|M. Joan Alexander
Sr. Research Scientist
Publications - Research - Field Campaigns - Vitae - Miscellaneous - Contact
In order to better predict the weather and better understand
climate change, many atmospheric scientists are involved in
developing computer simulations that describe the global
circulation of the atmosphere. These global circulation models
(GCMs) cannot explicitly resolve all of the scales of phenomena
important in the atmosphere, so they use parameterizations of
some of the smaller-scale processes, such as clouds, precipitation,
and many others including the effects of small-scale atmospheric
waves on the circulation.
My research focuses on atmospheric waves of all scales ranging from global scale to small-scale atmospheric gravity waves that have horizontal wavelengths in the range of about 10 to 1000s of km. These waves are poorly described in GCMs, yet they can have dramatic effects on the global-scale circulation, so they must be parameterized.
Observations: The small scales of gravity waves have made global observations of their properties and occurence difficult. Our understanding of them is therefore relatively new, and therefore still very incomplete. My research focuses on developing the needed understanding through observations and observational analyses, and through computer modeling of gravity wave sources, their propagation through the atmosphere, and their interaction with regional and global circulations.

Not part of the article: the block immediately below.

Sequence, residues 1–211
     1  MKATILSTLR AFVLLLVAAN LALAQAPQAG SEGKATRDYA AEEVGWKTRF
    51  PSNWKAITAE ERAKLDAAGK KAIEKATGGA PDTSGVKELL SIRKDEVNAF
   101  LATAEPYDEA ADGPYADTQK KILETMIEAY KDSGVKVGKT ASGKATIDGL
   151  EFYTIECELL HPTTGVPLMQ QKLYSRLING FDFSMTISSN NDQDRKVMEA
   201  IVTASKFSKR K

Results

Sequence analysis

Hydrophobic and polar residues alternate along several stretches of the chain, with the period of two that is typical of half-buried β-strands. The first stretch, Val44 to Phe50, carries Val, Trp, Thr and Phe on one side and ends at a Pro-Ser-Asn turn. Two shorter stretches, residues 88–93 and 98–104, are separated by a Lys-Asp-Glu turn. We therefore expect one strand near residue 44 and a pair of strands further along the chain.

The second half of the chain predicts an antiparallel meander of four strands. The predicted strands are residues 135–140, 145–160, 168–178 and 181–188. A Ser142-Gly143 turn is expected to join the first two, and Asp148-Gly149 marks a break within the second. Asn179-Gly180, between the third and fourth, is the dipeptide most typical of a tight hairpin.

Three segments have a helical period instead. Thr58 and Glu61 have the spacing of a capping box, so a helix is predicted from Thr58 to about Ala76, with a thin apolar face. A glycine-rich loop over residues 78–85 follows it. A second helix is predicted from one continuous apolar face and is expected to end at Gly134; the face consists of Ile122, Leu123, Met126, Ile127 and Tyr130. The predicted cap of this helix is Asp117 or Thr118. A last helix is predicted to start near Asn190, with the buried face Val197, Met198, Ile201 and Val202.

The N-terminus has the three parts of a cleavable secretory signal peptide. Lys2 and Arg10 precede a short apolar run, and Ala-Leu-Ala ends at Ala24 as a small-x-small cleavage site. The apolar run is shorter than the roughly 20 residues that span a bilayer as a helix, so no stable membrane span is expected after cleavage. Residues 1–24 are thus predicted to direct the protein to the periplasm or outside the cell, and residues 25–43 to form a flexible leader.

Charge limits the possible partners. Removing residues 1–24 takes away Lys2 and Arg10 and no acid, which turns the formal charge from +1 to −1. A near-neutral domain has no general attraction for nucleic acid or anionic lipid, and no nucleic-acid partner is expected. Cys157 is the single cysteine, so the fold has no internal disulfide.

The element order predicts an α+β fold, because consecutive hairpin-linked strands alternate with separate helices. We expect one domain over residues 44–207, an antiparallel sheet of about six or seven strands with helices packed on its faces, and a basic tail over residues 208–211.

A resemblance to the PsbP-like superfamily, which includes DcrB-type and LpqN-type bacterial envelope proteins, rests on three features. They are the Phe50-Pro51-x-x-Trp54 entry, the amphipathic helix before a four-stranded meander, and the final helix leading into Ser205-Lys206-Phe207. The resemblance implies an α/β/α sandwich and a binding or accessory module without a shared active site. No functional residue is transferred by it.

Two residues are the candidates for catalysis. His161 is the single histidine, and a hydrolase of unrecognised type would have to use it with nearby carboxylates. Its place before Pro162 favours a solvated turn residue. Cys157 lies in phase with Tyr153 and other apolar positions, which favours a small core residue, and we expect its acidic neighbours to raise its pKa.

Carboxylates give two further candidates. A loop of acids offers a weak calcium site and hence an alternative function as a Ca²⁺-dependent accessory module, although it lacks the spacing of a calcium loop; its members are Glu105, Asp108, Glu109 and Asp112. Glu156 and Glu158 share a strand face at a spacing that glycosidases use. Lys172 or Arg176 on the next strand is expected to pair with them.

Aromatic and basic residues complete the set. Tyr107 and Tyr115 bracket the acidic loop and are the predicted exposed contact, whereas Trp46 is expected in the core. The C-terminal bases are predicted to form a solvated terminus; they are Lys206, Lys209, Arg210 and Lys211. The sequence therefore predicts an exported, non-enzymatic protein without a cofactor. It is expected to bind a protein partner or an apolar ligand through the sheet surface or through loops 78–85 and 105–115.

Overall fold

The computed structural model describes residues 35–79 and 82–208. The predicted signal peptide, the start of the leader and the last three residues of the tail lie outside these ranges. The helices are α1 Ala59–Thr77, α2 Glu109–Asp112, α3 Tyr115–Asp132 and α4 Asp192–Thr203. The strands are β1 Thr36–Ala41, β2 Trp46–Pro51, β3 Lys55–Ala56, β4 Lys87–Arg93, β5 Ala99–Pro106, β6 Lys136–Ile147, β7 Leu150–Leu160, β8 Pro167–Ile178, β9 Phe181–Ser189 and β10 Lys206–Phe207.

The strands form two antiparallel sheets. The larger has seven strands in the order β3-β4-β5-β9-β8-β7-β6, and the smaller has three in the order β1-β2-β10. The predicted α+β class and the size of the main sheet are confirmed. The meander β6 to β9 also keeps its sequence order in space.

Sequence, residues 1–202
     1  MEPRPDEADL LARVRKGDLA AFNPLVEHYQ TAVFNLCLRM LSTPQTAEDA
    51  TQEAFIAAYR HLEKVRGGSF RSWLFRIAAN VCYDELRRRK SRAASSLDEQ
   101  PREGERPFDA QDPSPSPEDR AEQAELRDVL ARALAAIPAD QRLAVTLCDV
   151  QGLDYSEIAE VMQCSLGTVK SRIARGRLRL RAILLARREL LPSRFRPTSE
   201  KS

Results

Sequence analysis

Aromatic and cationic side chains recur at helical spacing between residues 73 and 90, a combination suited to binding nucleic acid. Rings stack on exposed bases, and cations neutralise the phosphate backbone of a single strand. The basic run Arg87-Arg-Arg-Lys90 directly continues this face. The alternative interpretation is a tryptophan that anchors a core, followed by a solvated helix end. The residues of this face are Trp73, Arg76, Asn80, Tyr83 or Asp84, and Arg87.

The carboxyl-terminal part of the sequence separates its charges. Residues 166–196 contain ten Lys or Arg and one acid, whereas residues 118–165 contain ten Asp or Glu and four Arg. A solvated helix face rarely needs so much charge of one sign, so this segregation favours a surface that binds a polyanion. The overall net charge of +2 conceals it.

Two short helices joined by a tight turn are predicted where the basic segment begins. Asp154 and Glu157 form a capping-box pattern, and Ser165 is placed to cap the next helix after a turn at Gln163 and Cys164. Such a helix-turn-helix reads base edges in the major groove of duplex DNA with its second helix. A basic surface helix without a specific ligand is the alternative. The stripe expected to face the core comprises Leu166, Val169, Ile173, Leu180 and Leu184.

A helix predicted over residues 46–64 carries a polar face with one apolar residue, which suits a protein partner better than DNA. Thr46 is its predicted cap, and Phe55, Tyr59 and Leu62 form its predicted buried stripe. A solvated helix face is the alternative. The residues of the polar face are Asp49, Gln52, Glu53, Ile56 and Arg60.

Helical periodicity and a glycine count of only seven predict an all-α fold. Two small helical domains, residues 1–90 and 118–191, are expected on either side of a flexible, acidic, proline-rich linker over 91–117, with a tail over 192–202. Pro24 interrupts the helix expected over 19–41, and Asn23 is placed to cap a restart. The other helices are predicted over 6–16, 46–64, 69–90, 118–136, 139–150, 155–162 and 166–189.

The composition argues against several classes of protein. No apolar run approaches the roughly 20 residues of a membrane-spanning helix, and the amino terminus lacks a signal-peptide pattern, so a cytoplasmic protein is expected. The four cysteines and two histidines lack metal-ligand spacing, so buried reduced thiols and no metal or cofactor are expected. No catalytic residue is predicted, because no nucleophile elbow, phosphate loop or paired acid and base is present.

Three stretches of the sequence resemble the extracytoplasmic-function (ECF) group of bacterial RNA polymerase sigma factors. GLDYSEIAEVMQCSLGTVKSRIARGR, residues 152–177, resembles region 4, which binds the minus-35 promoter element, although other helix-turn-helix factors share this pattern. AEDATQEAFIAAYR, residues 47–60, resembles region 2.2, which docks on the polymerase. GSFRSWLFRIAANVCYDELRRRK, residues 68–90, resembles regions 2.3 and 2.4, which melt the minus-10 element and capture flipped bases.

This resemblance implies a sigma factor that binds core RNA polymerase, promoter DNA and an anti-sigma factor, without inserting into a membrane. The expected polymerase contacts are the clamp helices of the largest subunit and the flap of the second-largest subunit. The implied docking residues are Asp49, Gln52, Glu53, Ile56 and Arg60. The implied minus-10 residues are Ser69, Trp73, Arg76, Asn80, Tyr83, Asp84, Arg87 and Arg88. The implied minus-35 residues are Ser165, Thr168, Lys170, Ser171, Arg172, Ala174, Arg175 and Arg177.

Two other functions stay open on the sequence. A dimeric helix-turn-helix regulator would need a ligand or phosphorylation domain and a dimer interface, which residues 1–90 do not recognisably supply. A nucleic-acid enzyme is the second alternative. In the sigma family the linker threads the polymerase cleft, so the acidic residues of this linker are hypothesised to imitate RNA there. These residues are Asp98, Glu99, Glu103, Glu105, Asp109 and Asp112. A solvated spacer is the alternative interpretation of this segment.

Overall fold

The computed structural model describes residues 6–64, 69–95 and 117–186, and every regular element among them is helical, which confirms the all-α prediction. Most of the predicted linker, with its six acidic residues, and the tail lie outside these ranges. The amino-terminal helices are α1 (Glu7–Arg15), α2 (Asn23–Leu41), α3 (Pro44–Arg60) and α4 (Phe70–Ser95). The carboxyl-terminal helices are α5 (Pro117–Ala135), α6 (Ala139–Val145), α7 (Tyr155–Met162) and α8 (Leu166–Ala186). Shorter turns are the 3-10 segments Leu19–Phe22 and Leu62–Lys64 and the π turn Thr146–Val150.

Global Models: Increases in computing power over time permit us to directly simulate gravity waves in some global models. The image at left shows vertical motion in the atmosphere near the tropopause allowing visualization of the gravity waves resolved in a 7-km resolution NASA GEOS-5 model run by the Global Modelling and Assimilation Office. The circular features near the equator show waves generated by storms in the atmosphere below. Waves are also prominent over the northern (winter in this image from January) mountain ranges and storm tracks. Studying the waves in these models permits investigation into the nature of the sources of the waves and how the waves dynamically interact with the larger-scale circulation. Click on Global Modeling Studies to learn more.
Regional Models: Limited-area regional models with a range of complexity permit studies of the properties of gravity waves generated by convection in varied environmental conditions. The models range from full-physics simulations with models like the Weather Research and Forecasting (WRF) model to very idealized models forced by localized, time-varying heating. An example at right shows radar-observed rain at the ground (colors) and vertical velocities caused by the waves (gray shading) near the tropopause. Click on Gravity Wave Generation by Storms to learn more.